Tuesday, 17 January 2012

OOPerl Basics

Thanks to Perl Cookbook  writers for wisdom sharing:

If you ask ten people what object orientation is, you'll get ten different answers. People bandy about terms like abstraction and encapsulation, trying to isolate the basic units of object-oriented programming languages and give them big names to write papers and books about. Not all object-oriented languages offer the same features, yet they are still deemed object-oriented. This, of course, produces more papers and books.
We'll follow the nomenclature used in Perl's documentation, the perlobj (1) manpage, and Chapter 5 of Programming Perl , "Libraries, Modules, and Classes." An object is a variable that belongs to a class . Methods are functions associated with a class or object. In Perl, a class is a package  - and usually a module. An object is a reference to something that's been blessed into a class. Blessing associates a referent with a class. This is done with the bless function, which takes one or two arguments. The first is a reference to the thing to bless, and the optional second argument is the package to bless it into.
$object = {};                       # hash reference
bless($object, "Data::Encoder");    # bless $object into Data::Encoder class
bless($object);                     # bless $object into current package
The class name is the package name ( Data::Encoder in the example above). Because classes are modules (usually), the code for the Data::Encoder class resides in the file Data/Encoder.pm . As with traditional modules, the directory structure is purely for convenience; it implies nothing about inheritance, variable sharing, or anything else. Unlike a traditional module, though, an object module seldom if ever uses the Exporter. Access should be through method calls only, not imported functions or variables.
Once an object has been blessed, calling the ref function on its reference returns the name of its class instead of the fundamental type of referent:
$obj = [3,5];
print ref($obj), " ", $obj->[1], "\n";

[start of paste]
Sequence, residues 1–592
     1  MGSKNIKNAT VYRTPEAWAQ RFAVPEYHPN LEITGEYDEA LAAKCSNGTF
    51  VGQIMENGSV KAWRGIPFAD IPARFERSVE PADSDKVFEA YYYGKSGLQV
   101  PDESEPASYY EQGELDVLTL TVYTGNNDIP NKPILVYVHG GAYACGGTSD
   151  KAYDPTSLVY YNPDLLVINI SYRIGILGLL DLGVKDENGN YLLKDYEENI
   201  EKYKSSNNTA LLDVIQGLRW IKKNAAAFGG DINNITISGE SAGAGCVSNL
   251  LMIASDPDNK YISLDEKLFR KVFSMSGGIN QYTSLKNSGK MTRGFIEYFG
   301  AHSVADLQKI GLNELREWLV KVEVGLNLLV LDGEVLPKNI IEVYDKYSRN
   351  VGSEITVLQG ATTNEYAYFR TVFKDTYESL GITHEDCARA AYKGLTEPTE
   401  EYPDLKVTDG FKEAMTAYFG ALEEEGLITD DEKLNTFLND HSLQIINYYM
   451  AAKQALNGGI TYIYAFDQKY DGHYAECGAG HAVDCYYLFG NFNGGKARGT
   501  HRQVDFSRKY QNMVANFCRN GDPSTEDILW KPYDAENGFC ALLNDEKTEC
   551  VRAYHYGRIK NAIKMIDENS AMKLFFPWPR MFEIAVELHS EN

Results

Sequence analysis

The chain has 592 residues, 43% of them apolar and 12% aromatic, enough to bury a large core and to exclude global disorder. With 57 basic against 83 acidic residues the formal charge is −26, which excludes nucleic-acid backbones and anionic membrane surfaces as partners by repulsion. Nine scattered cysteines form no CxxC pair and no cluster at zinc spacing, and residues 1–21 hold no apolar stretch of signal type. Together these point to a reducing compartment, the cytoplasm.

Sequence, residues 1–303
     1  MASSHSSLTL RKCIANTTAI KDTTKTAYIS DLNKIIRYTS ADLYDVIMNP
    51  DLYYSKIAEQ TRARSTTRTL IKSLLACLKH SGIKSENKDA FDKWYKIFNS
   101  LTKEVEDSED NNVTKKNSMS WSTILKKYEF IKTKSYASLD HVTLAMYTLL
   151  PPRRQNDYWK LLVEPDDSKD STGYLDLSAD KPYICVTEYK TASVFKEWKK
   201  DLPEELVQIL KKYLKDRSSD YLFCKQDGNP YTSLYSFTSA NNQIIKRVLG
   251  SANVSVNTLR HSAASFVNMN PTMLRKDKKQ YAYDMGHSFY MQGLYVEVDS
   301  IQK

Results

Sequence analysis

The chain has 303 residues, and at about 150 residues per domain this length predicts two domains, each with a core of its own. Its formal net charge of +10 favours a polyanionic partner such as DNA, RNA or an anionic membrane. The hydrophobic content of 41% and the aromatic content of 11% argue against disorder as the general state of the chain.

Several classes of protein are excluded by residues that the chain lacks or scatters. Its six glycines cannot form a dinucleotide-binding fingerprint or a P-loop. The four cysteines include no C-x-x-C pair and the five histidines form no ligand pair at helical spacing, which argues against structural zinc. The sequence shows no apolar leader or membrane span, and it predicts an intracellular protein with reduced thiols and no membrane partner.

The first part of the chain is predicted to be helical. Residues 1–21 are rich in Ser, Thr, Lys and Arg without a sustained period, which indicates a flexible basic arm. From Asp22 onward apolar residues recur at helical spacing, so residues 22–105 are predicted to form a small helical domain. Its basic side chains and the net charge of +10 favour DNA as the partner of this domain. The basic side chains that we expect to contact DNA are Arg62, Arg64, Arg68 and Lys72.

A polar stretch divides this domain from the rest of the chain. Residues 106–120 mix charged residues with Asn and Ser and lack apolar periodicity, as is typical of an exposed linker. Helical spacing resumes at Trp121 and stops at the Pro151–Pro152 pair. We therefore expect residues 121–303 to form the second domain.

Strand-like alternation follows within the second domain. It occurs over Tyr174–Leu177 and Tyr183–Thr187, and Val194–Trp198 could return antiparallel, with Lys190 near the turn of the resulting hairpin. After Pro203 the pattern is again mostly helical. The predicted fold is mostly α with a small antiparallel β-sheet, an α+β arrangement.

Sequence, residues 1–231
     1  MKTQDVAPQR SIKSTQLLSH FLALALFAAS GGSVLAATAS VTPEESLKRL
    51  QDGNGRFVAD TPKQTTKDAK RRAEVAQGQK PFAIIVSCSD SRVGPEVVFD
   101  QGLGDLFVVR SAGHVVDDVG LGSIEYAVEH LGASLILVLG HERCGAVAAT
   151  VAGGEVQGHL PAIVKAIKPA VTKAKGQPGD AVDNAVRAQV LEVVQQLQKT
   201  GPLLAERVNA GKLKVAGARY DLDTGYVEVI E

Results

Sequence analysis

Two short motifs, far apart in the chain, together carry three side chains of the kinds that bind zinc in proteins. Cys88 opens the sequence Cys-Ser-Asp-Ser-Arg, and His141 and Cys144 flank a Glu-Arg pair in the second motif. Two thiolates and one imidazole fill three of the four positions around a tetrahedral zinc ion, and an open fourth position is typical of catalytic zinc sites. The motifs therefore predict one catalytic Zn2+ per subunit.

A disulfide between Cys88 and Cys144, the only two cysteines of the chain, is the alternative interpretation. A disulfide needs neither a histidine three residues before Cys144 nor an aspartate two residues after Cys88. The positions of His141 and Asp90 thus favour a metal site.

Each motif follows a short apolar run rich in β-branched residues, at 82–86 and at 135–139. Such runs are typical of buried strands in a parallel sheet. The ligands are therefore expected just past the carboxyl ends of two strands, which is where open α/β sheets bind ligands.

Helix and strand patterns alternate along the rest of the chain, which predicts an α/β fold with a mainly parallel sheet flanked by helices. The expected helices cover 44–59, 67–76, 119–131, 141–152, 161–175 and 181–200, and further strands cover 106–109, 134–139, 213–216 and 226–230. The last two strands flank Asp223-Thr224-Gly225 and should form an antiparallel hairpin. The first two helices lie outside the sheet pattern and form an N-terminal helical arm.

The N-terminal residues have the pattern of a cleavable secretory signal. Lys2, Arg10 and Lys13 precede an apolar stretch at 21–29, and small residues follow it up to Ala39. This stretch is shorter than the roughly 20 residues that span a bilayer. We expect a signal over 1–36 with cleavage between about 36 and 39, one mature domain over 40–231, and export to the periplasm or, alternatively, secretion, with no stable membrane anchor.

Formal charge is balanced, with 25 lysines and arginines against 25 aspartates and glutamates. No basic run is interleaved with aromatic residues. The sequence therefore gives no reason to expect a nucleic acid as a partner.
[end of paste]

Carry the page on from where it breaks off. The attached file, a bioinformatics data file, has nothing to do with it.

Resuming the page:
bless($obj, "Human::Cannibal");
print ref($obj), " ", $obj->[1], "\n";


Human::Cannibal 5
As you can see, you can still dereference a reference once it has been blessed. Most frequently, objects are implemented as blessed hash references. You may use any kind of reference you want, but hash references are the most flexible. They let you have arbitrarily named data fields in an object.
$obj->{Stomach} = "Empty";   # directly accessing an object's contents
$obj->{NAME}    = "Thag";        # uppercase field name to make it stand out (optional)
Although Perl permits it, it's considered poor form for any code outside the class to directly access the contents of an object. The point of objects, everyone agrees, is to give you a nominally opaque handle to something that you access through designated methods only. This lets the maintainer of the class change its implementation without needing to change all application code that uses the class.


To call a method, use -> . Here, we call the encode() method of $object with the argument "data" and store the return value in $encoded :
$encoded = $object->encode("data");
This is an object method , because we call the method on an object. We can also have class methods , methods called on class names.
$encoded = Data::Encoder->encode("data");
Invoking a method calls the function in the corresponding class, implicitly passing as the initial argument either a reference for object methods or a string for class methods. Recipe 13.7 shows how to make method calls where the method is determined at runtime.
Most classes provide constructor methods, which return new objects. Unlike some object-oriented languages, constructor methods in Perl are not specially named. In fact, you can name them anything you like. C++ programmers have a penchant for calling their constructors in Perl new . We recommend that you name your constructors whatever makes sense in the context of the problem you're solving. For example, constructors in the Tk extension to Perl are named after the widgets they create. A less common approach is to export a function with the same name as the class; see "Example: Overloaded StrNum Class " in Recipe 13.14 for an example.
A typical constructor looks like this:
sub new {
    my $class = shift;
    my $self  = {};         # allocate new hash for object
    bless($self, $class);
    return $self;
Call the constructor with:
$object = Class->new();
If there isn't any inheritance or other monkey business working behind the scenes, this is effectively the same as:
$object = Class::new("Class");
The new() function's first argument here is the class name to bless the new reference into. A constructor should pass that string as the second argument to bless() .
Recipe 13.1 also talks about functions that return blessed references. Constructors don't have to be class methods, and writing object methods that return new objects have a number of uses, as discussed in Recipe 13.6 .
A destructor is a subroutine that runs when an object's referent is garbage collected. Unlike constructors, you have no choice in naming it. You must name your destructor method DESTROY . This method, if it exists, will be called for all objects immediately prior to memory deallocation. Destructors, described in Recipe 13.2 , are optional.
Some languages syntactically allow the compiler to restrict access to a class's methods. Perl does not  - it allows code to call any method of an object. The author of a class should document clearly the public methods (those which may be used), and the user of a class should avoid undocumented (implicitly private ) methods.

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